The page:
Tuesday, March 23, 2010

Walk to the Tavern

There's a little density nugget tucked into the story about Brookline considering higher meter rates during Red Sox games (discussed here).

The owner of the Beacon Street Tavern estimates that 50% of his customers drive to the restaurant. Half of his customers don't get into a polluting car, don't add to local traffic, and don't need to have valuable real estate turned into an impermeable surface to provide temporary housing for cars.

Density helps business.


Anonymous said...

I'm not that familiar with Beacon Street Tavern, but given the location, that's a pretty bad comparison. It's in the middle of a densely populated area, and easy walking distance to a college area, sports park, and a medical center. You're trying to compare his business to something that would be placed at the end of the green line. And still, his business is 50% from folks who drive. I'm not a great fan of parking lots, but why not let the folks who live around there decide. They don't need someone from Newton Center telling them what they should do and providing some fairly illogical data points and statistics. You have an opinion, that's fine. You're not an elected official, you're just one resident of Newton, who doesn't even live there. Don't make it sound as if you're arguing the points on their behalf. And really, at least make your comparisons valid.

Anonymous said...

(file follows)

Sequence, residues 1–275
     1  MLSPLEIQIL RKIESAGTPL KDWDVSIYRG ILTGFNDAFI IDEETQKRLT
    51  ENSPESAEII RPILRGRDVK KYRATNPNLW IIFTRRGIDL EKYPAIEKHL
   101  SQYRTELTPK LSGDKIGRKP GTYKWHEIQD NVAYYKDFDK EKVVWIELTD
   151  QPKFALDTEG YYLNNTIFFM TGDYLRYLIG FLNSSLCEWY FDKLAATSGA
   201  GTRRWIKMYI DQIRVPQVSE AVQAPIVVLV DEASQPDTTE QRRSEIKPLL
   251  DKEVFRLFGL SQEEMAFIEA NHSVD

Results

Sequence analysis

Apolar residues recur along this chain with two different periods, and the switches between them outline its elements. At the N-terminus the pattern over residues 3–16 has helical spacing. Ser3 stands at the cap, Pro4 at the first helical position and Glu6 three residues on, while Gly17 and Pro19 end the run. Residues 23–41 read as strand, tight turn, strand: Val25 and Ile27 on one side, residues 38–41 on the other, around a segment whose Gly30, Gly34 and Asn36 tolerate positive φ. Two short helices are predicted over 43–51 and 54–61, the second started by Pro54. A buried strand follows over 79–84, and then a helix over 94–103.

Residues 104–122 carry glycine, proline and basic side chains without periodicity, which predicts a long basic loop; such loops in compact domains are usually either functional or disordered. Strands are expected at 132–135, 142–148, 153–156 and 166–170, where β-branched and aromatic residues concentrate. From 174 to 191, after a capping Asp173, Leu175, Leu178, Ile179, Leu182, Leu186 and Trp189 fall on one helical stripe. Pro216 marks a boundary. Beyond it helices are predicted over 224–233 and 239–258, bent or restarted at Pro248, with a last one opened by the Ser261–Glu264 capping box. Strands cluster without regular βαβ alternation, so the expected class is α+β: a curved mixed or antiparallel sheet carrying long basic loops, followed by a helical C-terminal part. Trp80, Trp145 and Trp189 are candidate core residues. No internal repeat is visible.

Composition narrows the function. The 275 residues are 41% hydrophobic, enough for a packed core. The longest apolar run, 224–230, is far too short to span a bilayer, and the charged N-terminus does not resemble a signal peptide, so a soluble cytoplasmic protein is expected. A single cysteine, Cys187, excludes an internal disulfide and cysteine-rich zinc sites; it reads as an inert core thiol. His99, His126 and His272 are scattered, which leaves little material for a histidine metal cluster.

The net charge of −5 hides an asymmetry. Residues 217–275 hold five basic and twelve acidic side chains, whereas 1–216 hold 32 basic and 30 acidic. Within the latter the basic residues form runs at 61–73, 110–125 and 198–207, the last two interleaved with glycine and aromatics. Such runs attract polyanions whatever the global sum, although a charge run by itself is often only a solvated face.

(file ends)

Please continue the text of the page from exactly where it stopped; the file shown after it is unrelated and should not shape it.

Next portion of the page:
Sean, Anonymous seems to have a point. I thought you were saying that the tavern owner would do okay in a dense area without parking. But the whole point of the article you referenced was to say that the business owners are doing terrible without enough parking because on game day, the red sox fans take all their customer's spots. They are clearly losing business due to lack of parking even in an urban area. Hmmm, sounds like their businesses might be helped by a park and ride too. Newton certainly doesn't have to care about them, but just saying "density helps business" isn't telling a substantial and KEY part of the story. If the kind of density around that area of Beacon St. isn't bringing enough business, how the heck is a business at Riverside going to survive without parking for patrons? I suppose the rent would be less. But there certainly doesn't seem to be a compelling argument for businesses to believe they don't need additional parking. And it's not going to be doing the residents any good if the businesses are continually failing, and folks are left with a bunch of empty store fronts. Or another town center with just banks, nail salons and dry cleaners which require shorter term parking. So, what are you saying?